Northern Exposure Meets James Herriot – Episode 6
Our dream of farming at the lake came to a grinding halt in late fall of 1980. Word had it the provincial government had decided to expropriate all the land on the west shore of Pigeon Lake and do so for a song. We had just finished building a workshop and buying all the building materials for the house we planned to build in the spring, but there was no time to mourn. We acted quickly and sold to a realtor for enough money to buy elsewhere. Our departure was swift and brutal, like ripping yourself out of your mother’s womb. Our lambs softened the ache of our leaving, however, through one last memorable experience of that place.
As the white light of daytime separates into the dusty peach and purple of evening, the calm of twilight subdues the bustle of the day. This time of mystery and magic is what some mystics refer to as the gap between the worlds. Whatever the forces loosed at that hour, I suspected they were somehow responsible for the most extraordinary whimsy I have ever seen. I call it lamb dancing.
It was the spring of our first lamb crop. Each day was like a journey into another world, for we had never been in that place before. What did we know about the struggle to be born? What did we understand about the connections these animals had with each other, ewe to ewe or ewe to lamb? Each day offered a new experience, a place one rarely gets to stand in as an adult, for by then we’ve usually relegated most days to more of the same. Weeks went by with us immersed 24 hours a day in the intensity of lambing, our limited abilities making more work and anxiety out of what was already more than enough. But one evening, our seeming endless slog jerked to a halt when our sheep issued their first invitation to join them in another world.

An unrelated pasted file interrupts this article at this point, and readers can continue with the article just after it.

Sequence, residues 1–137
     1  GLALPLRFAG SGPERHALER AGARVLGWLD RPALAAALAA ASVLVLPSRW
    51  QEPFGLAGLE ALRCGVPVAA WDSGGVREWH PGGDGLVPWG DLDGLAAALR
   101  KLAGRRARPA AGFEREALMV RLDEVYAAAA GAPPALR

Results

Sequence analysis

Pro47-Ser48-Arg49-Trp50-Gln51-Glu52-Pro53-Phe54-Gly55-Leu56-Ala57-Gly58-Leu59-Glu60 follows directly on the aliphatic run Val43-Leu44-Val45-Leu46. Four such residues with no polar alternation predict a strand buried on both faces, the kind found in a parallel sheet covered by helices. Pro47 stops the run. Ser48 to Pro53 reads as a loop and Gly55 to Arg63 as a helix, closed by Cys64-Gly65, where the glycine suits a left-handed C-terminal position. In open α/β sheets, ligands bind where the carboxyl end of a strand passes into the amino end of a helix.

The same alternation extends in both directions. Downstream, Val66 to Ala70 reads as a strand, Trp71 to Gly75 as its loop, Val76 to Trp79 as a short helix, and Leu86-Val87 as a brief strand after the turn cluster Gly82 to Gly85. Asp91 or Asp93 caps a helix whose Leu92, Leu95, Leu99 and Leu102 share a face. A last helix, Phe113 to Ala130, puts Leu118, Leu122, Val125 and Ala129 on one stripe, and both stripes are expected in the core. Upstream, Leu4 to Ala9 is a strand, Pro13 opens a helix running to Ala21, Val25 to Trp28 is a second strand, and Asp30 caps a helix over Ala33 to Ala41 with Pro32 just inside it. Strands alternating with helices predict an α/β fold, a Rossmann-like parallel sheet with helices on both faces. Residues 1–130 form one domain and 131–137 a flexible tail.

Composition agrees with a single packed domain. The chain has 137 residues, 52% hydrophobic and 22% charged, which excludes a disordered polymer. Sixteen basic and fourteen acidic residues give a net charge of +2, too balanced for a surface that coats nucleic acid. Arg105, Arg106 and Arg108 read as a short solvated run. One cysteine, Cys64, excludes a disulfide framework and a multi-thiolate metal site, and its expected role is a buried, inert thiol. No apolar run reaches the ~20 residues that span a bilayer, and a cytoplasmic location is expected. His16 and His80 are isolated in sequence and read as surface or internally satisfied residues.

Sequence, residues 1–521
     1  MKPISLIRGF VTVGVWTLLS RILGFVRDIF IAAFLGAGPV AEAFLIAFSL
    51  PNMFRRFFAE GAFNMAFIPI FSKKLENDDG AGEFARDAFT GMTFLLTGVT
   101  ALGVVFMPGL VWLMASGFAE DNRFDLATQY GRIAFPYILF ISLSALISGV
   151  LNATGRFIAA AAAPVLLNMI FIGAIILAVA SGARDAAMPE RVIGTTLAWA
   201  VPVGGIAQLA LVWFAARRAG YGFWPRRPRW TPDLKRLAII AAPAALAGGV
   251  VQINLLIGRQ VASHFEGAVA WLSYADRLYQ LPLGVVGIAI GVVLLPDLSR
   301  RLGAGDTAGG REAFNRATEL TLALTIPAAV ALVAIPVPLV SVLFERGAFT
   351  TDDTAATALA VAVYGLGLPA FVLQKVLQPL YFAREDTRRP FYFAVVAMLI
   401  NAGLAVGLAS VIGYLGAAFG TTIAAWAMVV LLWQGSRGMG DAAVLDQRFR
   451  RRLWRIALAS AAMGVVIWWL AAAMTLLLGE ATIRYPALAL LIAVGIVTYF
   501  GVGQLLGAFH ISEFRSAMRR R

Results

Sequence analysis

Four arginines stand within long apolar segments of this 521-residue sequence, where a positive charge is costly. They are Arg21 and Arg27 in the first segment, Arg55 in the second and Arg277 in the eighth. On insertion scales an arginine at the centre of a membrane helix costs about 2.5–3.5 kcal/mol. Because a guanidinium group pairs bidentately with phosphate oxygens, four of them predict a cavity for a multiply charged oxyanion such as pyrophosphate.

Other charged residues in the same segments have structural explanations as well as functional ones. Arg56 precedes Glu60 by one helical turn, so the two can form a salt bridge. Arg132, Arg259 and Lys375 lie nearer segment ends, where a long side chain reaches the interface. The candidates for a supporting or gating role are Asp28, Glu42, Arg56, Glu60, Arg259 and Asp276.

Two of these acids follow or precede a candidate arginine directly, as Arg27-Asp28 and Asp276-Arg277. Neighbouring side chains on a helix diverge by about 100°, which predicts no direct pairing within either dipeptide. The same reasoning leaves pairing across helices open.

Our induction into this realm occurred one evening when a baby lamb, standing stock-still in the corner of the barn, caught our attention. Its head drooped, cocked slightly to one side. I thought it ill and stared long and hard to see what could be wrong. Its body curved in a gentle inverted U-shape, and its tail hung limp as its head. Its ears, however, were stiff with attention, as if it were listening to some distant voice or rumblings from the earth. Yet there it stood so still that I couldn’t even see it breathing. Nothing could have prepared me for what was to happen next.
As if someone had wired the ground beneath its feet and thrown the switch, this little fellow shot straight into the air. He landed in the same place and shot up again like a four-legged basketball. I watched, awed. It was like he had been standing there soaking up energy from the earth and then launched himself like a rocket. It was neither elegant nor sophisticated but rapturous indeed. When he came down for his third landing, the condition began showing up in other isolated lambs in the flock. It spread like a wave on water rippling out from each new center. One lamb would bounce here, another there, until the scene was reminiscent of a popcorn popper reaching critical temperature, with little white fluffs exploding everywhere.
The first lambs to jump were already experimenting with variations, landing on only two feet, throwing their tails up in a buck, or bouncing sideways across the floor. Then, as if organized by some inaudible command, the flock raced to one end of the barn, like fire through dry grass. Some were running, some bucking, some leaping; responding to whatever spirit possessed them. At the far wall, they turned and spilled back toward the other end of the shed, bouncing, bucking and pirouetting. Even the little sick and lame lambs seemed unable to resist the call and for one short moment, forgot their pain and limits and lived whole.
The grand finale brought in the ewes. Pulling up their matronly bones and throwing age to the wind, they bounced in time to some ethereal strain, around the edge of the flock. Some were grandmothers many times over, and they moved a bit more stiffly but with no less abandon.
Almost as suddenly as it started, it subsided. Like a ballroom when the orchestra quits, the dance was over. The barnyard returned to normalcy so quickly that it was almost as if they had no memory of the magic. Or maybe they didn’t need to remember, for they had never forgotten. For the next fifteen years, I would witness these remarkable presentations many times – sometimes solo performers and other times large revues. But the solo performance that would live with me always happened one evening in a pen of month old lambs, after we’d moved to the far north.